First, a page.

The Chisholm Trail Special Utility District plays an integral role in the future of water in Bell County. The tricky part is, Chisholm plays an integral role in the future of Williamson County’s water, too.
Based in Florence, Chisholm pumps water throughout large swaths of Williamson County and southern Bell County. Droughts have many people worried about whether there will be enough water to serve the community in the future, but Chisholm’s relationship with the city of Georgetown has also raised a lot of eyebrows in Bell County.
Chisholm’s interim general manager, Gordon Pierce, said as of right now, the utility district has the resources to handle the current water needs in the county. He also said there are no plans to sell out to Georgetown.
“Right now, we’re in great shape,” Pierce said. “The biggest issue is future long-term commitments on water.”
Chisholm has the capacity to pump 9.2 million gallons per day of surface water and 2 million gallons of groundwater. Chisholm pumped about 1.4 million gallons of surface water and 660,000 million gallons of groundwater per day in January, well below capacity.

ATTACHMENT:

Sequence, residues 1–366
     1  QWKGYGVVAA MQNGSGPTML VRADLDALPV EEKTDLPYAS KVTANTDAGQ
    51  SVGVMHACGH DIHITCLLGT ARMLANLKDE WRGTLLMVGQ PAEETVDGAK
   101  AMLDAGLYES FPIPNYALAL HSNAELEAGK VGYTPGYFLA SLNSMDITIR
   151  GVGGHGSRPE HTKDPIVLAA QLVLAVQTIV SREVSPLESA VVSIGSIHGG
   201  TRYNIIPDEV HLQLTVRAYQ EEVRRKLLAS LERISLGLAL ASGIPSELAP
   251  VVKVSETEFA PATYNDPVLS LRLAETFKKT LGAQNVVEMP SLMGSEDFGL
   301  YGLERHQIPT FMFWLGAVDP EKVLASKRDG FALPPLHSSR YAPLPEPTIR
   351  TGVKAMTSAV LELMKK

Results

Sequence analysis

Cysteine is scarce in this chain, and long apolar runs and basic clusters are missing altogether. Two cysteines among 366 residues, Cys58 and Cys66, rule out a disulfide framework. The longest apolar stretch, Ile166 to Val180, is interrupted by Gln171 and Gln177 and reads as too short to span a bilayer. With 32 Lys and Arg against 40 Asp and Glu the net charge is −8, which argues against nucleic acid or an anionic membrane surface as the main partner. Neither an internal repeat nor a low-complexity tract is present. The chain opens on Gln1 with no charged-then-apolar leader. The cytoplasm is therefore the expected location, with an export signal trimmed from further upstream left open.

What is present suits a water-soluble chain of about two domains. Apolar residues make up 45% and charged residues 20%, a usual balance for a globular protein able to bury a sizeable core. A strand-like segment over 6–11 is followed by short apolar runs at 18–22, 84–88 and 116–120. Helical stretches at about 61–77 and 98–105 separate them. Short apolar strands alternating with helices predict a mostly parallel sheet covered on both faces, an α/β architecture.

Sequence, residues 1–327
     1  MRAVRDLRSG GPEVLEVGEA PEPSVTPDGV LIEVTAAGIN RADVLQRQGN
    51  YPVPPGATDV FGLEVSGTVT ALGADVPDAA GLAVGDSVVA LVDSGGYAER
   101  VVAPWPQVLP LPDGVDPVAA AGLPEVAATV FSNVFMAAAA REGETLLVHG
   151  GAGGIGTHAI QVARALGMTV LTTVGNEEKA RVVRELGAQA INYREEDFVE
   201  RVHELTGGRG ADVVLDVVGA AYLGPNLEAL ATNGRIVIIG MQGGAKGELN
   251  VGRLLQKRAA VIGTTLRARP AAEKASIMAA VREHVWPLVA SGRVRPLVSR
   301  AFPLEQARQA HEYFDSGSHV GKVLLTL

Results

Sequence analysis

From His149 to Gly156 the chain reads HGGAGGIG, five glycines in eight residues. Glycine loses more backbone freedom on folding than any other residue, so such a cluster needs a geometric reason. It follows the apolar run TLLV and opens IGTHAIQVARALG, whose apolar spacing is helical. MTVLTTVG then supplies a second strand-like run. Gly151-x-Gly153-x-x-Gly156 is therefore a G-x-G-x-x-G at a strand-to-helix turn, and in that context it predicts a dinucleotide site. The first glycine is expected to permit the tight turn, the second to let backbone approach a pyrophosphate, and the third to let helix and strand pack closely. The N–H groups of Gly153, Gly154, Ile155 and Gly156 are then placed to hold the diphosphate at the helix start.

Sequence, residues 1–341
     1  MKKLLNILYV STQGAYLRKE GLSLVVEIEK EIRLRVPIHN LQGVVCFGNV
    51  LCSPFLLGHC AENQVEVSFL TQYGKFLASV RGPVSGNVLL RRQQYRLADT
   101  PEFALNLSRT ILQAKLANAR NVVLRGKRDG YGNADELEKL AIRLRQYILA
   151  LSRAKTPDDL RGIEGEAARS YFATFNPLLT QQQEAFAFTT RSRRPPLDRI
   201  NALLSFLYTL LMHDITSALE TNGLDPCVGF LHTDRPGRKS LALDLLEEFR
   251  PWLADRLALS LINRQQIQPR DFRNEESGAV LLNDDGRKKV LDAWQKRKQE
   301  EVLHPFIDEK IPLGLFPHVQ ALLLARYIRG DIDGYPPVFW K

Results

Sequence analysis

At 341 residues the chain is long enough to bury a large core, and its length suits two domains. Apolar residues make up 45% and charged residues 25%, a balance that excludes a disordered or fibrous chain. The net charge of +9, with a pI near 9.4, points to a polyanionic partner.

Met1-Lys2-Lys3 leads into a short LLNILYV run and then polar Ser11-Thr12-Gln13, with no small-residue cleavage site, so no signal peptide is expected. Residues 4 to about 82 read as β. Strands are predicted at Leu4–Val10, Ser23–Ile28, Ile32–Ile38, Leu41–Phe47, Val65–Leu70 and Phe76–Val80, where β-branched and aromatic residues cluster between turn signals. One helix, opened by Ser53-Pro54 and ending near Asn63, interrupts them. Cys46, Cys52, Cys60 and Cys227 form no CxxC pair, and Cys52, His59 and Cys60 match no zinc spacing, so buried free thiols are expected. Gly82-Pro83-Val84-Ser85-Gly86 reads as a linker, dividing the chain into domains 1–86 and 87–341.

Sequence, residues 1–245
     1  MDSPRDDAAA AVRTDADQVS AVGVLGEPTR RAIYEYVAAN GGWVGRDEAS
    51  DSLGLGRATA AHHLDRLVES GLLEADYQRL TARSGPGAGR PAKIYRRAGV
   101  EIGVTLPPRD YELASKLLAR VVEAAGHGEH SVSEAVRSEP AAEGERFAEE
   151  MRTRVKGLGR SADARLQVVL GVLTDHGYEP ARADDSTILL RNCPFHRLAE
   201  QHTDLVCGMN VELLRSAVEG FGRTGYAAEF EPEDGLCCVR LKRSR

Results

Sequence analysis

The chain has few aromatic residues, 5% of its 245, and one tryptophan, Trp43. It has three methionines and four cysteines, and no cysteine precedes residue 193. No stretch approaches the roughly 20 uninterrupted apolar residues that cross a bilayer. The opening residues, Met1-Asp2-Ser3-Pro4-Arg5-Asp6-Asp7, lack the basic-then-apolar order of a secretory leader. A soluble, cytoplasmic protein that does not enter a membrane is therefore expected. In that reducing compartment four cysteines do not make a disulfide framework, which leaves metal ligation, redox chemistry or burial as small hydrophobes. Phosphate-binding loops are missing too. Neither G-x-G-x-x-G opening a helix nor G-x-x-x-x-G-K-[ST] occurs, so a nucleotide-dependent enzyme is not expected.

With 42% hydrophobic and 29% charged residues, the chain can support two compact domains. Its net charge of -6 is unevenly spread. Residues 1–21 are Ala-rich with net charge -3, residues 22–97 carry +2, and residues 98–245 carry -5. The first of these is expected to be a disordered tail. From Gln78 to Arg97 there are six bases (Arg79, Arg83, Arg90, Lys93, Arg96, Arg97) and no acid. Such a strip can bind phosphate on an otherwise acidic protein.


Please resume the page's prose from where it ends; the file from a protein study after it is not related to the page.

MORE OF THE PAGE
Chisholm is permitted by the state to use 11,100 acre-feet of water in Stillhouse Hollow Lake. That water is pumped to Georgetown for treatment before being dispersed throughout the area. Chisholm also pumps water from two wells on the Edwards Aquifer.
“All of the water is combined as it flows through the system,” said Chisholm Field Manager Harry Randall.
In early November, Florence Mayor Mary Condon told the Herald the city developed a contract with Chisholm to bring raw water to the city’s current well-water system. Randall said as of right now, Chisholm is not serving Florence.
“We don’t serve the city of Florence,” Randall said. “They are their own entity.”
Pierce said Chisholm does not have any plans to sell out to Georgetown, but he did say they will be consolidating operations.
“We are entering the ‘definitive agreement’ phase with the city of Georgetown,” Pierce said. “In October, there was a memorandum of understanding signed by Chisholm and Georgetown. We’re now ready to come to the table and agree on a consolidation agreement of some type.”
It remains to be seen how such an agreement would impact Bell County. Regardless, Chisholm’s capacity to satisfy future growth is in question.
“At this point, we have enough water to serve our customers,” Randall said. “As for the future, it’s not just the drought. I can’t project how many customers may come into the district going forward.”